How Tech Lady Tiffany Taylor went from Art School Dropout to Product Designer at BloomNation
Interview by Breanne Thomas
Hi Tiffany! Can you tell us what you do and what you’re working on currently?
I work as a product designer for a startup in Santa Monica called BloomNation. We have a small team, so as the only product designer, I get to do a variety of design-related tasks from user experience to visual design. It’s also my first job working in Los Angeles, so after 7 years in San Francisco, it’s exciting to experience a different part of tech outside of Silicon Valley.
When I’m not working, I also enjoy studying Japanese, photography, travel, and playing with my pets (I have a dog and two guinea pigs).
What has been the toughest challenge you’ve faced working in tech and how have you dealt with it?
The toughest challenge I’ve faced is the lack of diversity in tech (especially in the design world), and the feelings of isolation and uncertainty that come with that. I am a self-taught designer with an unconventional education background and career path. I am also a Black woman. I didn’t finish college and I worked my way up to a designer position in my first startup after being hired as an office assistant.
Sometimes, I’ve felt that I’ve really had to prove that I deserve to be a part of the design world because I am not what a designer usually looks like, and my path to tech was not typical. When I looked at a companies during past job searches, no one else working there looked like me. That can be very disheartening.
So the way that I have dealt with it is to make sure that my work and portfolio speak for themselves. One way that I’ve done this is by finding design mentors and communities that can support my design goals while relating to my experiences. My mentors and support communities share insightful advice with me. In addition to general career and design advice, they also provide advice for coping with sexism, racism, classism, and discrimination — all things that can pop up while working in a world where you don’t match the mold.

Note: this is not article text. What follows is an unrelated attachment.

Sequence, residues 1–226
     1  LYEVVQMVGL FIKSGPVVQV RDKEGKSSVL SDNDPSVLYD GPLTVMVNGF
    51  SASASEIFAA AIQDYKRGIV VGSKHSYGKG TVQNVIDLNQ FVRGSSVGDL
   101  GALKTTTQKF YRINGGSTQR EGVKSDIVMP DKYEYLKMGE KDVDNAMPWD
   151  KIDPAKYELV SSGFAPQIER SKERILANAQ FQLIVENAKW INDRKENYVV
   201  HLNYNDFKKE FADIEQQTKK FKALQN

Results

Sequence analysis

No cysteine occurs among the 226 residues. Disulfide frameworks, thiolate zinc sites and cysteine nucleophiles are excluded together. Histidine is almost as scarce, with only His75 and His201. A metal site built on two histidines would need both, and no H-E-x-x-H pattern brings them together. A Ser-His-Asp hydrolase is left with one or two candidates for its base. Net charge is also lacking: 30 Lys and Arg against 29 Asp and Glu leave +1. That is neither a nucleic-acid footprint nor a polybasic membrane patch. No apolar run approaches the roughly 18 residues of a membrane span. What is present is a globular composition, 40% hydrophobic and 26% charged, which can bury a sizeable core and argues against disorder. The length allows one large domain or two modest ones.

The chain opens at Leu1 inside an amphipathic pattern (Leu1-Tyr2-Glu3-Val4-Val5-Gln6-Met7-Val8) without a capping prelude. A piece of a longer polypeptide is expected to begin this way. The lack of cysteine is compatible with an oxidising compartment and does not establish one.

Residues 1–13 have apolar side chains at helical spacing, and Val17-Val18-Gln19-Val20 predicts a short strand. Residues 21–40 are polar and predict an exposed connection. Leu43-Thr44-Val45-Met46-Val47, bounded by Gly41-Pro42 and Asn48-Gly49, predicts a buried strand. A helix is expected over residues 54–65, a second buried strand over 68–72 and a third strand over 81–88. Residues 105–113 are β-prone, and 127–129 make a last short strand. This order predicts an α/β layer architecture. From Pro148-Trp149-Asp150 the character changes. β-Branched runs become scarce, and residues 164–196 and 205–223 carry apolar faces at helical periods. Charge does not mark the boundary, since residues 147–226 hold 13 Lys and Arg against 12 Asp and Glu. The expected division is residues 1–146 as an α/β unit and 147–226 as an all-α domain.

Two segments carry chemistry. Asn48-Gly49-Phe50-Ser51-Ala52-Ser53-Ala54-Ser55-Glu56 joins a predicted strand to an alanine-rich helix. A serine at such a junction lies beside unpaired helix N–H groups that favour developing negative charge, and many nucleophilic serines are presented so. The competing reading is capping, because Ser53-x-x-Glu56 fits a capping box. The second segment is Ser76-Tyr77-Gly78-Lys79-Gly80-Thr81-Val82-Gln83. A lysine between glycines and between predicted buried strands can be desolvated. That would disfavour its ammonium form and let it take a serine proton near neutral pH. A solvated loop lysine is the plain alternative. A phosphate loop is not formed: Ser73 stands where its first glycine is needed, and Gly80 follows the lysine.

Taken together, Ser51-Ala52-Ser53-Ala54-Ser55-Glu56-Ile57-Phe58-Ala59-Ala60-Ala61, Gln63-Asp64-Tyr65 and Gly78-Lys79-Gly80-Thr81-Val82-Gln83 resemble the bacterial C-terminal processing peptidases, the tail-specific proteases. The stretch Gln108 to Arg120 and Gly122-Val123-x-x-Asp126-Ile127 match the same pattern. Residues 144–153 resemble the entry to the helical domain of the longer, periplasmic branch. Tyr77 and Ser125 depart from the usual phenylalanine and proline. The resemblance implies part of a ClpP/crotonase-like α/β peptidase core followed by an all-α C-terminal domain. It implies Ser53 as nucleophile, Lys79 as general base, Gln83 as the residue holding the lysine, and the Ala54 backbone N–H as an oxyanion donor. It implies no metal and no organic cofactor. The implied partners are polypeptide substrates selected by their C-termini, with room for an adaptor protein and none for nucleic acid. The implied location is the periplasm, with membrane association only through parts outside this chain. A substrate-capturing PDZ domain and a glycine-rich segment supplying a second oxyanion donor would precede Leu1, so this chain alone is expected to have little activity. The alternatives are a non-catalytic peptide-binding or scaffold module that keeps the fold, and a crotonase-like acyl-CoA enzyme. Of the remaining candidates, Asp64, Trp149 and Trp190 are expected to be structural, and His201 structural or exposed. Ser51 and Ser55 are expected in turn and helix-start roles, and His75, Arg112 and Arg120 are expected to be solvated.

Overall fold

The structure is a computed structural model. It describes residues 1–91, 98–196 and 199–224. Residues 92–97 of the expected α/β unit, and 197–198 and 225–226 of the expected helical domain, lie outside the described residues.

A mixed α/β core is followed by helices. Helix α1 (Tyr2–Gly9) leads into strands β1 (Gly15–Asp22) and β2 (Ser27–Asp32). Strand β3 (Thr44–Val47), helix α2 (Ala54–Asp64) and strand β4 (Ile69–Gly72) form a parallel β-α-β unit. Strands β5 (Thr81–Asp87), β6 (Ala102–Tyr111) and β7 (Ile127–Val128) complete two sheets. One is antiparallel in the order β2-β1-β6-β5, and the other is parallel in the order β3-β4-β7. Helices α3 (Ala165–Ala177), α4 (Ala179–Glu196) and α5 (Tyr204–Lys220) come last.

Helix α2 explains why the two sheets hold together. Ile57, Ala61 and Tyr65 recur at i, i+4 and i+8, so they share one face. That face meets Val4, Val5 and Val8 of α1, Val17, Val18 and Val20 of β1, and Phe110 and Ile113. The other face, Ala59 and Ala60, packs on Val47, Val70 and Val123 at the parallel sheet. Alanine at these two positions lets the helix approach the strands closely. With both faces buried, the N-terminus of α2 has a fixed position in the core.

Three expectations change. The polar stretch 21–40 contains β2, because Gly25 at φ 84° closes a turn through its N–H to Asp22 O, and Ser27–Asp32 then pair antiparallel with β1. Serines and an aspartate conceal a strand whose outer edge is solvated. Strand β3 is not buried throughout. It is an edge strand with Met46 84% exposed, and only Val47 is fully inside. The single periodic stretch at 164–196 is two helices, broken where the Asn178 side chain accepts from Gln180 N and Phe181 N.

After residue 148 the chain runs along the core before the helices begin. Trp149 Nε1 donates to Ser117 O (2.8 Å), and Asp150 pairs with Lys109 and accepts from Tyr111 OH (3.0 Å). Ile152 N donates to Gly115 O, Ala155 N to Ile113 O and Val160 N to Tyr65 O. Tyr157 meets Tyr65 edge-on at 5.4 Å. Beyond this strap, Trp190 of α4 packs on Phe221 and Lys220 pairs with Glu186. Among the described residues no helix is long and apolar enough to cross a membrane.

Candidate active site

An example of a supportive community is Tech Ladies! It’s been so helpful for me to have outlets where I can get career guidance and feel safe expressing my worries and concerns, so I really suggest anyone feeling isolated in tech to seek out a support system.
I read in another interview that you gave that you initially got into tech after designing websites and playing around with CSS and HTML when you were younger. What advice would you give others who are just starting out and aren’t sure how to turn their passions into a career?
My advice is to be flexible and to find side projects. While knowing HTML and CSS was extremely beneficial for me becoming a designer, it’s not how I actually got into tech.
At the time, I was an art school dropout who loved writing, drawing, and photography but couldn’t afford to stay in school. So after I was hired as an office assistant, I saw an opportunity to use a skill I had (HTML/CSS) to provide a service to my job (designing pages for projects the actual design team was too busy to take on) and leapt at that chance.
Take a look at the things you’re passionate about, as well as your natural strengths and skills. Once you understand what you are passionate about, be proactive and offer your services to help fulfill a need. It doesn’t matter if you’re unemployed, in school, or already working — you can find side projects anywhere.
Things like redesigning part of your company/school/friend’s website, researching how to help a friend’s personal business improve their SEO ranking, or learning how to fix a coding error on your site that no one else in your office or job has time to fix are all examples side projects that could help you start understanding what you enjoy, what you’re naturally good at, and what you don’t like.
Tech Ladies connects women with the best jobs and opportunities in tech. Join the group, or submit a job posting at: www.hiretechladies.com